The secret is in the eyes. I know this not from looking in the mirror, but from my wife. Ever since she started letting me go back into stores again to shop, she has complimented me on how I look more than she has in years. “How come?” I asked her one day. “It’s the mask,” she said. “It brings out your eyes.” She was referring to colour, not bulge, but she had a point.

Jay Teitel
Author Jay Teital. Photo: Karen Friedman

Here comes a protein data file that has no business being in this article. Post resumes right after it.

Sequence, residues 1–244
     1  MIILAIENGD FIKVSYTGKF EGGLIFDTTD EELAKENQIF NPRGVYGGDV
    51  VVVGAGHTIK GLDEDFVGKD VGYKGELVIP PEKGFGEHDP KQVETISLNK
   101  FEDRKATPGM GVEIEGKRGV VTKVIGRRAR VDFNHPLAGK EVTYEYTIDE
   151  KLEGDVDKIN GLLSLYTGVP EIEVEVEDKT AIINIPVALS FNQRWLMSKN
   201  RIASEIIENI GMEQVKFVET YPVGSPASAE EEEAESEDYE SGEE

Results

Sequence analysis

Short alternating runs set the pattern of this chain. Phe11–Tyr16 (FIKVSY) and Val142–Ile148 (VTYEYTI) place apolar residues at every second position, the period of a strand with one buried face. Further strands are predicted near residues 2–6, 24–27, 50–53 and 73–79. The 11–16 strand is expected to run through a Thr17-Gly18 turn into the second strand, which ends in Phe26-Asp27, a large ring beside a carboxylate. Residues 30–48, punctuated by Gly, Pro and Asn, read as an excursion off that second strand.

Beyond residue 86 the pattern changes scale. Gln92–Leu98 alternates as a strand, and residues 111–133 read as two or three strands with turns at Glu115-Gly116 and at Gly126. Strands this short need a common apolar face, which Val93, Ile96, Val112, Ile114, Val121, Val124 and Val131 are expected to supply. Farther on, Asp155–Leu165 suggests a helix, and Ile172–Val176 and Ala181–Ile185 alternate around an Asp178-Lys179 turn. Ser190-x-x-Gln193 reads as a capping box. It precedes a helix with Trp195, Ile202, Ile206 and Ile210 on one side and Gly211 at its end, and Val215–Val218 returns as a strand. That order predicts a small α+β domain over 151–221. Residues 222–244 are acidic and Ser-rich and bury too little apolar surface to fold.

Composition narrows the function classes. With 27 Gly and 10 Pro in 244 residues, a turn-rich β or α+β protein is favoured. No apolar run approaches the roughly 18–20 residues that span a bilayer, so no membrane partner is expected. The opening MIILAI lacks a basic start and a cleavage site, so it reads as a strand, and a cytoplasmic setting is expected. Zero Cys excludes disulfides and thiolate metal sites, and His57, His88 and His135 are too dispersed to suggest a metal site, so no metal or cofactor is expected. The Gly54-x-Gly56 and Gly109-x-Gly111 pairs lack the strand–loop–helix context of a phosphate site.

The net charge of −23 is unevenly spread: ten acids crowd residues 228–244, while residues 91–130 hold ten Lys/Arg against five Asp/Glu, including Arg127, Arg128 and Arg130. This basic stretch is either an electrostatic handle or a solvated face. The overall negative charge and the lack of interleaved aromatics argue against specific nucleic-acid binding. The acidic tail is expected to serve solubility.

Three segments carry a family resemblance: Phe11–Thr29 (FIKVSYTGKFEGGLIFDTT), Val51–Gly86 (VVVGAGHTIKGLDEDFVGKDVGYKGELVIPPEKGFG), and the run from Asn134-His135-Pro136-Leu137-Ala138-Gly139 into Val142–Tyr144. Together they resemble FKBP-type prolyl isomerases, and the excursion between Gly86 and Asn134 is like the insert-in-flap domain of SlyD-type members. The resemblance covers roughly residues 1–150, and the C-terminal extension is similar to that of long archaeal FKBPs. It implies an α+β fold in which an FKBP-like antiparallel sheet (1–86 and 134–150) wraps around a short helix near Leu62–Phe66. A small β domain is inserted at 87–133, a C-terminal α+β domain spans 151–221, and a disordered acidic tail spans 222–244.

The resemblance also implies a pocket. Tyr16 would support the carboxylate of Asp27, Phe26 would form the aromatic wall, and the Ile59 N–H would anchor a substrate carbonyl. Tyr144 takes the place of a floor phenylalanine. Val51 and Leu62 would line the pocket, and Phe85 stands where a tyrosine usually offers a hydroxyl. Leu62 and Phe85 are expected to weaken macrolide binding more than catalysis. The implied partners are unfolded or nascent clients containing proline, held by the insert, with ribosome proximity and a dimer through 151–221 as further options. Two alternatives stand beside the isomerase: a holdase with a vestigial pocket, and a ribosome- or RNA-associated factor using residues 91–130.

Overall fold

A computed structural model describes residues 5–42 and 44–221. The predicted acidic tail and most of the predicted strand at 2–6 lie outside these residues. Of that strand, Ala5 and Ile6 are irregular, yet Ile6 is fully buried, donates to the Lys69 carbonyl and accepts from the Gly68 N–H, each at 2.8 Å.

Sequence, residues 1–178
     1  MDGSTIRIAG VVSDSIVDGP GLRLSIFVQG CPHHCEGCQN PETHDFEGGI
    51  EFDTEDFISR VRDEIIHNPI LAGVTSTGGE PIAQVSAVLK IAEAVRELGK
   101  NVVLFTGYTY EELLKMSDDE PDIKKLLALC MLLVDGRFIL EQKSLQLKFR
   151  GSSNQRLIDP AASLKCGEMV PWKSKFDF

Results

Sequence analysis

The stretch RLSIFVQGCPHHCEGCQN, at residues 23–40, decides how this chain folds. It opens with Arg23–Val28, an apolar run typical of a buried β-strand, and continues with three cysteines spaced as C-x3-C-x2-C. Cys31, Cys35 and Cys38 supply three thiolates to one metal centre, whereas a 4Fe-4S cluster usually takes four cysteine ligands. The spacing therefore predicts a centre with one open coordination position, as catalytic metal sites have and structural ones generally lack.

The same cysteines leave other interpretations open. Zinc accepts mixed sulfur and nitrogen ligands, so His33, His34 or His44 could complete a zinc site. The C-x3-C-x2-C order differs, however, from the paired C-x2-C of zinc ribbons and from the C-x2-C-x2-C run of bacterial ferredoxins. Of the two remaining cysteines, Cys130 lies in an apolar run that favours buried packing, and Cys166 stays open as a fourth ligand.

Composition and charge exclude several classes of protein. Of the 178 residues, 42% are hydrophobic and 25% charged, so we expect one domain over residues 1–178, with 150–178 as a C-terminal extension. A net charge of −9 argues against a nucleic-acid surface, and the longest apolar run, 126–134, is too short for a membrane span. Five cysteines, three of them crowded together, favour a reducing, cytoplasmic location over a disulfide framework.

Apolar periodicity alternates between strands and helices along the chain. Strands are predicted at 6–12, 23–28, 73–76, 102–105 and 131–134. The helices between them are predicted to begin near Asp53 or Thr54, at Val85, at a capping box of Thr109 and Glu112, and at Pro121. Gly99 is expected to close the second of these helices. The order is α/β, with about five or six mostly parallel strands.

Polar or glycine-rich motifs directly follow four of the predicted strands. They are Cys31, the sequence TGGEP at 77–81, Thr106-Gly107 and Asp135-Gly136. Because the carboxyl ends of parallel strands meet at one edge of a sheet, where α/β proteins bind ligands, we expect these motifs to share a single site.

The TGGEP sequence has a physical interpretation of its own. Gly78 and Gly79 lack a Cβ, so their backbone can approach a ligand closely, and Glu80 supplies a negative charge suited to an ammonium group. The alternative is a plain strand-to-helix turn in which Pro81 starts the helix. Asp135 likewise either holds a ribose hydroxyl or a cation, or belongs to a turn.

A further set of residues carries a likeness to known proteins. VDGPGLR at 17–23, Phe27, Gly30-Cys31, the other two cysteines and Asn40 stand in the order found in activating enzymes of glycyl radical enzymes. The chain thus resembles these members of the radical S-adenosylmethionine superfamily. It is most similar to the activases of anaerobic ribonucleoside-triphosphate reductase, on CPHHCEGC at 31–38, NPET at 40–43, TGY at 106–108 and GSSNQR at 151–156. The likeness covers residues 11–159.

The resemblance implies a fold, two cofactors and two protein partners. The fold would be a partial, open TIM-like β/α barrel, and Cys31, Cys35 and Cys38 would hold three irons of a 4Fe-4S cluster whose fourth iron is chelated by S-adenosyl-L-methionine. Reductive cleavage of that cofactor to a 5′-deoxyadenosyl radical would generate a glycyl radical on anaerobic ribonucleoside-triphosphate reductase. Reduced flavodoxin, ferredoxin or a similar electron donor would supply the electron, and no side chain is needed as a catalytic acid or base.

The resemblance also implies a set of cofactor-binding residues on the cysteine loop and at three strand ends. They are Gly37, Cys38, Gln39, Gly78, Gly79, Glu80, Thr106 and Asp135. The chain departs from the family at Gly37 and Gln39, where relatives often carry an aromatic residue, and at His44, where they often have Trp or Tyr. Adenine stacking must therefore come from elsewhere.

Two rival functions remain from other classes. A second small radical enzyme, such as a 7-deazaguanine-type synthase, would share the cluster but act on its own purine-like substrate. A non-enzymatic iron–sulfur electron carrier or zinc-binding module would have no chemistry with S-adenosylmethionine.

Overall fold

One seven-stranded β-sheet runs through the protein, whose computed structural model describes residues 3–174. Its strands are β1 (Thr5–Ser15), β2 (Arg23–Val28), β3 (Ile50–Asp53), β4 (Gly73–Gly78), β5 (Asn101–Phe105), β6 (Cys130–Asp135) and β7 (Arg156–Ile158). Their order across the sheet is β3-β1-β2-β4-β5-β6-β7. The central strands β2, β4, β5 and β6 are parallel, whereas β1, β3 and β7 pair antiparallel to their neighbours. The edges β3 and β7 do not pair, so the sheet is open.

In 2016, Men’s Health magazine conducted a survey of 200 women, asking them to identify the first thing they noticed about male strangers they passed in the street. The majority answered: their eyes, followed by their smile. Smiles are obviously a non-starter in mask-wearing time. So the eyes above the rim of the mask are all you have to go on with someone you don’t know; doubly so if there’s nothing else above the eyes — like hair — to distract your focus. The eyes of masked old guys with hair might look merely old, but masked old bald guys’ eyes, I contend, also look ironic in a somehow secret way. They seem to smile.